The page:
Florida and Texas banned them. Airlines, universities, event venues and other businesses are also testing various methods of vaccine verification. The starkly different approaches reflect a wider national and global debate on proof of health in the pandemic era.

“There are a lot of ways it could be done badly,” Jay Stanley of the American Civil Liberties Union told DealBook, but he suggested a “narrow path” to a certification system that could work. The ideal system would be paper-based with a digital supplement, Mr. Stanley argues, so that people who lack access to technology aren’t disadvantaged. Encrypted data would be stored on a decentralized network, protected with a public key for vaccine providers and private keys for users to ensure privacy. Fairness also demands a standardized approach, rather than the current variety of systems, which could result in “a mess for civil liberties, equity and privacy,” he said.

The Biden administration has said it won’t mandate vaccine passports, a point it reiterated this week, but it is working on standards the private sector can adopt. New York partnered with IBM on the state’s opt-in Excelsior Pass, which allows access to restricted activities and venues.

The certificates can raise a slew of social and legal issues, depending on who is asking for proof of vaccination and why, according to the Stanford law professor David Studdert. Government mandates trigger more concerns than opt-in programs, he noted, and companies will have different considerations if they seek certification from customers or workers. Given all the variations, he said, “within reason” the market should decide what works, and officials should avoid both mandates and bans: “Different communities and employers have a different tolerance for risk.”

More on vaccine passports:

Deals

  • A top S.E.C. official warned of “significant and yet undiscovered issues” with SPACs, the latest words of caution from the regulator about blank-check funds. (WSJ)

  • Twitter is said to have held talks to buy Clubhouse for $4 billion, though negotiations aren’t currently active. (Bloomberg)

  • Shares in Deliveroo rose after retail investors were allowed to start trading in the food delivery service. (CNBC)

Politics and policy

  • China is offering tax breaks and other perks to financiers in Hong Kong to keep them from leaving the territory. (NYT)

  • A federal official warned last June that Emergent BioSolutions, the company behind the Johnson & Johnson vaccine mix-up, lacked trained staff and had problems with quality control. (NYT)

Tech

  • Uber and Lyft are “throwing money” at drivers to bring them back to work. (FT)

  • Within weeks, Apple will roll out new privacy notifications for apps, which companies like Facebook have argued would harm their businesses. (Reuters)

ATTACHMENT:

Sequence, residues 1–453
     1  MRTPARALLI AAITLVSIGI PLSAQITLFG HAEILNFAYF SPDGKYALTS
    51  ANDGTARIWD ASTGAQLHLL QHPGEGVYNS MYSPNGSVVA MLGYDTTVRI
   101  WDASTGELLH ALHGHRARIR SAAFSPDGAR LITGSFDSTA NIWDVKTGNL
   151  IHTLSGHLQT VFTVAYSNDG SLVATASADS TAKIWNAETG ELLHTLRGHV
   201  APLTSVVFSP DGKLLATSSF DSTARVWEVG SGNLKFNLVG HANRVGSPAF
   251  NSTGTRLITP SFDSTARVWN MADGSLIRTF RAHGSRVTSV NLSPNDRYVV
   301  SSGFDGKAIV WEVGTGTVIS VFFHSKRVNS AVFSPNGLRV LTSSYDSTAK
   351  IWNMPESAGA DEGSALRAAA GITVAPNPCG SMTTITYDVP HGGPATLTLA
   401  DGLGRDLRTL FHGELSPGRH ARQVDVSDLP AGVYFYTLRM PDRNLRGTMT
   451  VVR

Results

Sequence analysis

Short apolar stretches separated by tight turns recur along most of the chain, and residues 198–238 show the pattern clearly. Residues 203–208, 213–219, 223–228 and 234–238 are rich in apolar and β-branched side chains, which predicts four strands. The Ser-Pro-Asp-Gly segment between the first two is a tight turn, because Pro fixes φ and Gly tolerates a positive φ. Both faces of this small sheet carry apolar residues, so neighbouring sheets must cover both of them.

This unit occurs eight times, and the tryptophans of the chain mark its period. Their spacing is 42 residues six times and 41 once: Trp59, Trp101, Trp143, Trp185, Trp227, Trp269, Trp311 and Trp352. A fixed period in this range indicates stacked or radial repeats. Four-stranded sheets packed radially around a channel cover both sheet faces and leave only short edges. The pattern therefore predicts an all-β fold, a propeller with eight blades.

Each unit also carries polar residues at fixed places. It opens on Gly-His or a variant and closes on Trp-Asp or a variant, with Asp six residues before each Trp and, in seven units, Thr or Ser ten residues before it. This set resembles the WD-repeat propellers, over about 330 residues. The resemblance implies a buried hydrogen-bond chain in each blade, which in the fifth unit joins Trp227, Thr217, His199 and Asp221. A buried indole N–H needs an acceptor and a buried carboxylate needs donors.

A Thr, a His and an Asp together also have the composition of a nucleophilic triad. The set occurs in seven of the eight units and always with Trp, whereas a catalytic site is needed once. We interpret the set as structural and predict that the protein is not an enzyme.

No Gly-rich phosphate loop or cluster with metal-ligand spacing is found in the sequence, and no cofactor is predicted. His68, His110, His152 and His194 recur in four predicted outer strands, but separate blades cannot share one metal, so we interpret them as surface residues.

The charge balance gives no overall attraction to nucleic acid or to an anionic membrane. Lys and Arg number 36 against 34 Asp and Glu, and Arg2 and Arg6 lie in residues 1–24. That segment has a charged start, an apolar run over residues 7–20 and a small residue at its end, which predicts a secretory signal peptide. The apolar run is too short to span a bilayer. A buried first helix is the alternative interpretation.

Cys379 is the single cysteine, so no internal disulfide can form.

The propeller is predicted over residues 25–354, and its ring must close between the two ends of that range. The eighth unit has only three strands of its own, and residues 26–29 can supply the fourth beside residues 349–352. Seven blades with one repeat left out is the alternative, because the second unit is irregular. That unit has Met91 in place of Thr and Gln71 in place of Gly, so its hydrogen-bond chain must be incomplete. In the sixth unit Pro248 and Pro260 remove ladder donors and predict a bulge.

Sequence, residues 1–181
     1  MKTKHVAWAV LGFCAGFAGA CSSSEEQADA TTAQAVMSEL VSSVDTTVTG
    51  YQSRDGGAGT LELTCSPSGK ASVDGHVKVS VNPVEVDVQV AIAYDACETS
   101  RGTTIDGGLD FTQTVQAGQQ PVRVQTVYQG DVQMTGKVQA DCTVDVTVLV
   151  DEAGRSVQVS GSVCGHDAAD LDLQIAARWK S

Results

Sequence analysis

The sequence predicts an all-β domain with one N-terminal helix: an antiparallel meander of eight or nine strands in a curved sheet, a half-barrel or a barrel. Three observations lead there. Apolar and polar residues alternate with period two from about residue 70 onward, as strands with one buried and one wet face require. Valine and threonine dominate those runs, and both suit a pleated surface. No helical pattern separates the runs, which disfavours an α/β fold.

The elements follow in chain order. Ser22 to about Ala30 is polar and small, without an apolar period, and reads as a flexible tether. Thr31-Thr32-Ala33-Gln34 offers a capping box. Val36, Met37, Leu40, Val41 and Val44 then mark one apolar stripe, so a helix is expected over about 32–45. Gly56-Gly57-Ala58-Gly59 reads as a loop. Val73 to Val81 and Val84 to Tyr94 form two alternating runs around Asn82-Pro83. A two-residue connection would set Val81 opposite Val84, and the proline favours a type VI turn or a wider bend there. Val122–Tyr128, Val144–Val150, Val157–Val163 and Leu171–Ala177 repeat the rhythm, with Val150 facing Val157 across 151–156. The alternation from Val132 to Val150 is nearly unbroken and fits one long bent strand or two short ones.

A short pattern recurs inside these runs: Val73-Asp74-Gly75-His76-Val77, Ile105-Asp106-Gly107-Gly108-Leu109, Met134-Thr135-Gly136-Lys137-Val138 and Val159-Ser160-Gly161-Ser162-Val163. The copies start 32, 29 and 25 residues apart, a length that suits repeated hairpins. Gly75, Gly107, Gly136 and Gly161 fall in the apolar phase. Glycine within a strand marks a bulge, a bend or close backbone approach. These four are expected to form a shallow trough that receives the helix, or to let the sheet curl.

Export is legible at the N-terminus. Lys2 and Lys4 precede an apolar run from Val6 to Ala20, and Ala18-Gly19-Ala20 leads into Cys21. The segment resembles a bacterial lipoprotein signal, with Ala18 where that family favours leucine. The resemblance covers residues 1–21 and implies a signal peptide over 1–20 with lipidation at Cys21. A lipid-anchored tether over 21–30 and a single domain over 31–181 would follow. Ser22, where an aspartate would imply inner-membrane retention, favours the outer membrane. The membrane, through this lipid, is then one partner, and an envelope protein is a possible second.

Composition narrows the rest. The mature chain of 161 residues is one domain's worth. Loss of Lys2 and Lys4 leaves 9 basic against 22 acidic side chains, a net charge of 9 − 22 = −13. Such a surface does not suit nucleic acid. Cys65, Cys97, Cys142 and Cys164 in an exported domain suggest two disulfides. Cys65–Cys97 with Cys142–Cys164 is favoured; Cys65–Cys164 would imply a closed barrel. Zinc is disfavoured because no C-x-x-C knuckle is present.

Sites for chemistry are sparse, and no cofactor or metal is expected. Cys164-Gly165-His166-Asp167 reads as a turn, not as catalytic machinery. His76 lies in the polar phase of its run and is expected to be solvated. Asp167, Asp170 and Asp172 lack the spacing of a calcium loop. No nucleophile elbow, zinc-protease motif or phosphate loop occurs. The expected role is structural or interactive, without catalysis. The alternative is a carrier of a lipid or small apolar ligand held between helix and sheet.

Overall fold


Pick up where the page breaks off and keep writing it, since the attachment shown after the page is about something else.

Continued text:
• “No publicly traded company is a family. I fell for the fantasy that it could be.” (NYT Op-Ed)

Best of the rest

  • How the pandemic pummeled the world’s most famous shopping streets. (Quartz)

  • Former employees of Marcus, the consumer lender that is key to Goldman Sachs’s future, reportedly say they were burned out by an ambitious product launch schedule. (Insider)

  • All about muons, the subatomic particles that seem to disobey the known laws of physics. (NYT)

We’d like your feedback! Please email thoughts and suggestions to dealbook@nytimes.com.

View Source

Finding From Particle Research Could Break Known Laws of Physics

Meanwhile, in 2020 a group of 170 experts known as the Muon g-2 Theory Initiative published a new consensus value of the theoretical value of muon’s magnetic moment, based on three years of workshops and calculations using the Standard Model. That answer reinforced the original discrepancy reported by Brookhaven.

Reached by phone on Monday, Aida X. El-Khardra, a physicist at the University of Illinois and a co-chair of the Muon g-2 Theory Initiative, said she did not know the result that Fermilab would be announcing two days later — and she didn’t want to, lest she be tempted to fudge in a lecture scheduled just before the official unveiling on Wednesday.

“I have not had the feeling of sitting on hot coals before,” Dr. El-Khadra said. “We’ve been waiting for this for a long time.”

On the day of the Fermilab announcement another group, using a different technique known as a lattice calculation to compute the muon’s magnetic moment, concluded that there was no discrepancy between the Brookhaven measurement and the Standard Model.

“Yes, we claim that there is no discrepancy between the Standard Model and the Brookhaven result, no new physics,” said Zoltan Fodor of Pennsylvania State University, one of the authors of a report published in Nature on Wednesday.

Dr. El-Khadra, who was familiar with that work, called it an “amazing calculation, but not conclusive.” She noted that the computations involved were horrendously complicated, having to account for all possible ways that a muon could interact with the universe, and requiring thousands of individual sub-calculations and hundreds of hours of supercomputer time.

These lattice calculations, she said, needed to be checked against independent results from other groups to eliminate the possibility of systematic errors. For now, the Theory Initiative’s calculation remains the standard by which the measurements will be compared.

View Source